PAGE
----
COMEDY OF HORRORS
I can just see Paul H. Thompson writing Comedy of Horrors. There he is at his typewriter–a copy of Shakespeare’s collected plays to his right, a stack of old copies of Famous Monsters of Filmland magazines on his left. Behind him on the TV–it’s late on a Saturday night–flicker the black-and-white images of a very old, very bad monster movie, or maybe one of those early 50s Abbott and Costello Meet Whoever horror parodies.
Somewhere in Thompson’s brain an idea is percolating–an idea for a play dramatizing, in strong but funny fashion, the situation of a Chicago off-Loop nonunion actor. In Comedy of Horrors, that idea surfaces from time to time–in abrupt, tart references to Actors’ Equity, the League of Chicago Theatres, and the “Joker Jefferson Committee.” Certainly the basic premise of Thompson’s play, which is having its world premiere as the opening production of the Commons Theatre’s tenth season, is the worst nightmare of any actor, regardless of union affiliation or geographical location. In fact, it seems lifted from a play called The Actor’s Nightmare, by Christopher Durang, in which an actor finds himself onstage in a sort of twilight zone in which he doesn’t know what he’s supposed to do, what lines he’s supposed to say, or who the other actors are.
That is the situation that Jack, the hero of Thompson’s play, finds himself in. Strolling calmly onto the stage to deliver one of those “welcome to our theater and please subscribe” speeches that audiences hope won’t go on too long, Jack is suddenly stripped to his underwear and thrust into a performance of Shakespeare’s The Comedy of Errors, having been assigned the roles of two twin brothers who are both named Antipholus. But since the two Antipholuses (Antipholi?) are not supposed to be played by the same actor, Jack is a bit nonplussed; what’s worse, his fellow actors appear to be a collection of ghouls, sorcerers, and vampires.
By the one-act play’s end, Thompson has cooked up a monster mash combining The Comedy of Errors with its Rodgers and Hart musical version, The Boys From Syracuse; snatches from Hamlet, Macbeth, and Richard III; and references to sources as ridiculously diverse as A Christmas Carol and A Chorus Line, Arsenic and Old Lace and The Importance of Being Earnest, The Wizard of Oz and The Rocky Horror Picture Show, The Bride of Frankenstein and the Citibank Visa-card commercials. Thompson links these and other grab-bag items with an array of creepy cliches (floating hands and the like), awful but well-educated puns, and seemingly endless running in and out of and into doors that turn into walls and walls that turn into revolving doors.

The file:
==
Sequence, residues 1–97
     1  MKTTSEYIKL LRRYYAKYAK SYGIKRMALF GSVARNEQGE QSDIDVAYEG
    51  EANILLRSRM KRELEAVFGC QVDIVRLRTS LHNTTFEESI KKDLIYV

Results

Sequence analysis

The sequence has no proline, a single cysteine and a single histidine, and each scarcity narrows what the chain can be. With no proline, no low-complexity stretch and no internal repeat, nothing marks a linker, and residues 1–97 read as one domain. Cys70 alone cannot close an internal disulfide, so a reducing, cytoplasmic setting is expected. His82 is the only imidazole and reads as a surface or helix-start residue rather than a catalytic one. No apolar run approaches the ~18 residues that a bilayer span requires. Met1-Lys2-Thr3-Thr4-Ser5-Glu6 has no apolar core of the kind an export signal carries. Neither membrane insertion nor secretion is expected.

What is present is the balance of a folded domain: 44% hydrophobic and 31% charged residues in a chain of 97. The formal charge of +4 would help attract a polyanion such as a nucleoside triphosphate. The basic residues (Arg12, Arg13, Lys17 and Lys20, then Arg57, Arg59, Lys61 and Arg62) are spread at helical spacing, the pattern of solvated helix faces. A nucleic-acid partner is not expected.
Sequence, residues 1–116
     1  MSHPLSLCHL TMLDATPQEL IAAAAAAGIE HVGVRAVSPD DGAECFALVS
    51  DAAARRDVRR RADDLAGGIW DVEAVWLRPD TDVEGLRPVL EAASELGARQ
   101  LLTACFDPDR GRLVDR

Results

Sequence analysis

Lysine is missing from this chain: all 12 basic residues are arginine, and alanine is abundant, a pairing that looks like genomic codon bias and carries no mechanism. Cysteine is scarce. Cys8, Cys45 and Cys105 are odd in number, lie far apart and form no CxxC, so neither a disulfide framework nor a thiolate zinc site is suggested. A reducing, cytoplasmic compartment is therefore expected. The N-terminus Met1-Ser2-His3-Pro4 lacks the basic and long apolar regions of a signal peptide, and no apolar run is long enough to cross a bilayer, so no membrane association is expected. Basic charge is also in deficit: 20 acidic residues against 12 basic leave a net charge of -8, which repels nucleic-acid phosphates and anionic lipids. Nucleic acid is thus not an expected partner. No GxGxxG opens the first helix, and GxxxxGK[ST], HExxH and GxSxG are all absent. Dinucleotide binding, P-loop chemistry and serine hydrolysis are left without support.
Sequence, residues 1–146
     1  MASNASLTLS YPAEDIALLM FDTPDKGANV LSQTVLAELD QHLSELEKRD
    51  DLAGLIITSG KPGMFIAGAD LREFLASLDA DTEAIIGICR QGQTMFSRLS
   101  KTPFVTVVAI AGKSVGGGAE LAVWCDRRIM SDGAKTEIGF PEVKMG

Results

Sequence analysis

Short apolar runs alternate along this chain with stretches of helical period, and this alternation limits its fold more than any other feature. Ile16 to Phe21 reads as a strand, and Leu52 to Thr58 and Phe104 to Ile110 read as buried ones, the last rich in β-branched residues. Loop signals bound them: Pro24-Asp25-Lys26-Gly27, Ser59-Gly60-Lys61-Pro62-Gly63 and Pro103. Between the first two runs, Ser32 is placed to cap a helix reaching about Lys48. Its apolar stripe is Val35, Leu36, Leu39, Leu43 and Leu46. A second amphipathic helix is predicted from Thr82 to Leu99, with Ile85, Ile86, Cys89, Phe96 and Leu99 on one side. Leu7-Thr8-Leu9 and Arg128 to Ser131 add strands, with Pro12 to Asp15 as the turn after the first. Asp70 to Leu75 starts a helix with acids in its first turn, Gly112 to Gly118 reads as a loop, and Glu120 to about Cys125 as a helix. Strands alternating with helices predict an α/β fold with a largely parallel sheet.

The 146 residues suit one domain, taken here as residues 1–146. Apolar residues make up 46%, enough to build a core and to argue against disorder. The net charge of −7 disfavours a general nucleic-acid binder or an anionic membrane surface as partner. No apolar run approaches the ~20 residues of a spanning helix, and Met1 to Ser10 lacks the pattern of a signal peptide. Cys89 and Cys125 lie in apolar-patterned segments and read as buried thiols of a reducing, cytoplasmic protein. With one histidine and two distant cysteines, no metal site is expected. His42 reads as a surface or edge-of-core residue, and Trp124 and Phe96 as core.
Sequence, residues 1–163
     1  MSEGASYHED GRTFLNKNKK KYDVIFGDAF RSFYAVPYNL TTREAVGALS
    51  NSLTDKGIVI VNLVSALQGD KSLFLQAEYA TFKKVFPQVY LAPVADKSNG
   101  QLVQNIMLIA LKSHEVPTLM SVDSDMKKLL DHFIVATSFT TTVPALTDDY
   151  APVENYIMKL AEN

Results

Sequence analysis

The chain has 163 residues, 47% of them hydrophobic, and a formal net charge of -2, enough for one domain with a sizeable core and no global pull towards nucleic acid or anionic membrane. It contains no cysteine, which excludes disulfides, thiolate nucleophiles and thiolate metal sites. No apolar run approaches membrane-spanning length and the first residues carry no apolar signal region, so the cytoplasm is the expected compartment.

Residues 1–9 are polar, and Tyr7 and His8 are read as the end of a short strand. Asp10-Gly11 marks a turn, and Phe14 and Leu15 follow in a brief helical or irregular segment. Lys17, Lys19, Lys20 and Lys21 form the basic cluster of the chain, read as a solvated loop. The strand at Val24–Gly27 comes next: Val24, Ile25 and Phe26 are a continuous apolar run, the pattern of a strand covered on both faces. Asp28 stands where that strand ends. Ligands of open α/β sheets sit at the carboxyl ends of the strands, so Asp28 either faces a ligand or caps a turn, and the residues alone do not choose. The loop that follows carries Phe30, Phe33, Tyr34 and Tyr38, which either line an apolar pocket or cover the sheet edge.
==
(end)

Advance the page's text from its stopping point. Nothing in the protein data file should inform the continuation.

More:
It’s all pretty funny in an unashamedly silly way; Forrest J. Ackerman, editor of the late, lamented Famous Monsters of Filmland magazine, would be proud that Thompson has carried on his peculiar legacy of combining adolescent horror-movie fandom with college-level comparative-literature course material. The extent to which the average audience will enjoy the play will depend on how much horror-film trivia and Shakespearean verse they remember and how much tolerance they have for nonstop Halloween shenanigans. I think Thompson’s play goes on some 15 minutes too long; it feels like the author padded the script to meet a required running time of 90 minutes or so, when it would be seen to best advantage as a curtain raiser for more substantial and original fare.
But there’s no knocking the production, directed by Michael Nowak and designed by Brian Traynor (set), Jeffrey Pines (lights), Mark Anthony Summers (costumes), and Rick Carter and Judith Easton (the all-important makeup). The cast is strong in fielding Thompson’s eclectic barrage of lifted lines. Bruce Barsanti as the hapless Jack delivers an impressive technical performance as he straddles the demands of Shakespeare and stand-up. I particularly enjoyed the work of Mary Linn Snyder as a hunchback dwarf right out of House of Frankenstein, Scott Jones in a nice parody of Peter Lorre, and Will Casey’s amusing imitations of Boris Karloff and James Stewart. However, if Thompson wants to bring out what seems to have been his more solid idea of exploring the life of an actor, he’d be well-advised to turn off the TV, put away the books and magazines, and write more from reality than from childhood memories.
Art accompanying story in printed newspaper (not available in this archive): photo/David Renar.